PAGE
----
3 Tips to Help You Ditch Your Dairy Addiction

Have you ever said, “I would love to go vegan but I just can’t give up pizza, cheese or ice cream?”

If you have, I totally get where you’re coming from. I was a vegetarian for about ten years simply because try as I might, I didn’t know how to shake the dairy demon and live without takeout pizza, ice cream, grilled cheese, mac n’ cheese, chocolate – you name it.

There’s a reason why dairy, in particular cheese, tastes so good, why we crave it. It truly is addictive. According to this LA Times article which likens cheese to actual crack, “Cheese happens to be especially addictive because of an ingredient called casein, a protein found in all milk products. During digestion, casein releases opiates called casomorphins.”

What this means is, when you eat a fatty, salty cheese laden pizza for example, the chemicals spark off feeling (although to a lesser extent) similar to morphine. When you think about this, it makes sense. Cow’s milk is for baby cows. Biology has made cow’s milk addictive because it’s meant to help a calf grow strong and healthy, from about 60 pounds at birth to more than 500 pounds when weaned at eight to nine months.

On top of that, we are bombarded with propaganda from the dairy industry and the US government claiming milk is good for us. We are spoon fed the lie that we need cow’s milk to get calcium, grow strong bones, and to get vitamin D. The truth is we can get all of these things from plants and sunshine.

That said, breaking your cheese/dairy addiction can be done. I am living proof. Read on to learn how to shake this succubus out of your life.

1. Get Educated. Dairy is a truly disgusting industry. All those images you see on tv and in the movies of happy cows on farms, grazing on green grass with their calves next to them, living out happy lives is a bunch of bull****, no pun intended. In actuality, calves are ripped from their mothers a few days after birth. The baby girls are normally destined to become dairy cows, living the same fate as their mothers, forcibly impregnated over and over and drained of their milk before they are killed around age four. The baby boys don’t get off easy either. They will be kept in cages and fattened up before they end up on someone’s plate as veal, killed even though they are only a few months old. Knowing the horrors of the dairy industry is a huge catalyst to help you give up the stuff.

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There’s no such thing as a happy cow on a dairy farm. Photo by Dan Hamill on Pexels.com

2. Shop for Substitutes. There are so many vegan dairy substitutes these days, there is no reason to buy traditional ones. From soy, flax, pea protein and cashew milk – the list goes on, there’s a formula and a brand to suit your taste buds. There’s also soy and coconut milk creamers for your coffee, vegan Greek style yogurt and plant-based cheese that can even please the palate of the unsuspecting omnivore. My favs are Good Karma flax milk and old school Silk soy milk (I buy the organic, non-GMO kind). For butter, I use Earth Balance buttery spread and when I’m craving cheese (which is really infrequent now that I’ve given up the cruelty-laden stuff) I use the Daiya brand sparingly. Don’t give up if you try a product you don’t like; sample a few before you find the one that hits the spot. And if you’re really adventurous, make your own vegan nut milk, cheese and even plant-based mayonnaise!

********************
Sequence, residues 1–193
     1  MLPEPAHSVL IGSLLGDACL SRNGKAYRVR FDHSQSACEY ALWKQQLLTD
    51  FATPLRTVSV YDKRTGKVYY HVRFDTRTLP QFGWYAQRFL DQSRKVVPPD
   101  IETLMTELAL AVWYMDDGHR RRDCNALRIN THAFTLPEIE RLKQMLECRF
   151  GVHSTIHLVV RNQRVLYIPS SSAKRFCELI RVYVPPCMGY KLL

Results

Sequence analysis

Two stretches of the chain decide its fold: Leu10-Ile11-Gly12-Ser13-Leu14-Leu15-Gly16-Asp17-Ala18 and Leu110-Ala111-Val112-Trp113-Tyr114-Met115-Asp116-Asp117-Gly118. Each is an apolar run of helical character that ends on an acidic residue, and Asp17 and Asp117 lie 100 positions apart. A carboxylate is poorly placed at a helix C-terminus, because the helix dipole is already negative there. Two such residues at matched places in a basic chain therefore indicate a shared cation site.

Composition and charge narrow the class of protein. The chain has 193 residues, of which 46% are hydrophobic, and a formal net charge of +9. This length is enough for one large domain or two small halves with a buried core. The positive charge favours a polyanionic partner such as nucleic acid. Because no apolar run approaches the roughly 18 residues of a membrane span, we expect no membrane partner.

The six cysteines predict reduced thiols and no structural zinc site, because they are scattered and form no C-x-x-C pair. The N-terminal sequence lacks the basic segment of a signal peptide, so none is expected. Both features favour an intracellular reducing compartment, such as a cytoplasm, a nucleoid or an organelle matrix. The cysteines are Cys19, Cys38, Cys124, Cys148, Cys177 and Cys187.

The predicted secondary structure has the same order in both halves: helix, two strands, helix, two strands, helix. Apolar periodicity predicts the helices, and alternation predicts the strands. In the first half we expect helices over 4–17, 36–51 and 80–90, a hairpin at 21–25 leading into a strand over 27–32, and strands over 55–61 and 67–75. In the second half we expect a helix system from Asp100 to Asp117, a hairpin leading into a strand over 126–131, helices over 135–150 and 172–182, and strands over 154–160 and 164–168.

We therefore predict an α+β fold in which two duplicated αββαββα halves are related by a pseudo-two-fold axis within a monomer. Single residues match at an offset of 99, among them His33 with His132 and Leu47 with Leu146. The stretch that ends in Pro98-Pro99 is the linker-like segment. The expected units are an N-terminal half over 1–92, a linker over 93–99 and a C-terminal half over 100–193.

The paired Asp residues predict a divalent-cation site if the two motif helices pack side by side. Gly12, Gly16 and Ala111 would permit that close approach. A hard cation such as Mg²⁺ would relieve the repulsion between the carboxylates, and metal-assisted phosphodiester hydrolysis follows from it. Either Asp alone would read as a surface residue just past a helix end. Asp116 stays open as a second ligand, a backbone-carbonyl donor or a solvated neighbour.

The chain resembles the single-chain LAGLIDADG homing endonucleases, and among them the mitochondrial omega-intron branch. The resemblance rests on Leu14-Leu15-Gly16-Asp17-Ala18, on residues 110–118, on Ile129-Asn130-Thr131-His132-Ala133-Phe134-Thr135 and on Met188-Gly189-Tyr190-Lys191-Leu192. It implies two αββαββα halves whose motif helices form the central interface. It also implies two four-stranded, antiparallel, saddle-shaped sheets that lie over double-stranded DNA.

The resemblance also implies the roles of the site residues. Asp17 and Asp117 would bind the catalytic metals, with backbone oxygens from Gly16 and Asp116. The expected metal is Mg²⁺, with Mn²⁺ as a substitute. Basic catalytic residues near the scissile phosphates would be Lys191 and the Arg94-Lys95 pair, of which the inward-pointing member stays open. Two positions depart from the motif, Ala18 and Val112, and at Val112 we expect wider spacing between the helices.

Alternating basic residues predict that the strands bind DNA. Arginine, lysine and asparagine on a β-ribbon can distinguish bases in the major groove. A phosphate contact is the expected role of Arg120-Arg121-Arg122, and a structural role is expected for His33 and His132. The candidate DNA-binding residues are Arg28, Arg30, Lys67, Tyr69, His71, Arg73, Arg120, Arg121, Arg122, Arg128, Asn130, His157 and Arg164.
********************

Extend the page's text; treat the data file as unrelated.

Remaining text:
empty gray metal shopping card near assorted plastic bottles
Photo by Fancycrave.com on Pexels.com

3. Dust yourself off and try again. So you’ve gone a few days or even months without dairy and then out of the blue you accidentally (or purposefully) eat some cheese or candy with dairy in it. It happens to the best of us. A few months ago, while on a work trip I ended up eating some pasta at a hotel buffet before realizing there was cheese inside. Once, after specifically telling a take out restaurant to hold the feta, I dug into my gyro only to find it scattered inside. Not to mention the countless times I tried and failed to transition to vegan from vegetarian because I was craving a Dominos pizza or some Dairy Queen. We’re human, we all make mistakes or have accidents. It doesn’t do anyone any good to beat yourself up about it. Just remind yourself of the reasons you have gone vegan in the first place (animal welfare, the environment and your health) and continue on your journey afresh, with a new resolve to cause as little harm as possible.

white and black cow during daytime
Remember, you’re doing this for the animals! Photo by Skitterphoto on Pexels.com

Good luck 🙂

Sources: One Green PlanetPETALA Times

How to Make Awesome Avocado Ice Cream (Vegan)

Summer is almost gone, can you believe it?

I know it’s September already, but technically the last day of summer is not until near the end of the month. So you still have time to squeeze in some summer bbqs and bonfires and pretend like you’re still a teenager, without a care in the world. (Or maybe you are, in which case I hate you!)

There were so many things I had planned for this season that didn’t get done – I was supposed to get back in the gym, work on my novel novels (I have so many draft pages of projects I start and stop), and also work on this blog more. But, life as usual gets in the way and as they say, God laughs at man’s plans.

Anyway, I couldn’t let summer pass me by without making ice cream. I bought a Cuisine Art ice cream maker last year and actually used it several times (unlike my dehydrator which is sitting on top of my fridge, catching dust, waiting sadly to be donated to the Salvation Army.)

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Chocolate and cashews put this avocado ice cream over the top.

I also had a super ripe jumbo avocado in the fridge, too ripe to eat on its own. So, I decided I can either make guac with it or ice cream. I chose ice cream, wouldn’t you? I know what you’re thinking, avocados in ice cream? Is this bish crazy? But before you close this screen, let me school you. Avocados are actually a fruit, so it makes sense to put them in ice cream. Considered a superfood, this nutritional powerhouse has lots of healthy fat, potassium, magnesium, iron, zinc and a host of other vitamins. The fattiness of the avocado also adds creaminess to this non-dairy ice cream, something once lacking in my homemade attempts.

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Coconut cream also ups the ante on creaminess. The trick is it has to be cold and firm so make sure your can has been chilled in the fridge overnight. Whenever I go grocery shopping I normally buy a can or two of coconut cream or milk, and I always have one in the fridge since I use it so often to make vegan desserts.

A few of the problems I’ve encountered in the past is that my ice cream just comes out too hard, full of crystals. No matter what I did. Except for my first batch which was a peanut butter vanilla flavor, everything else ended up in the trash after a few bites.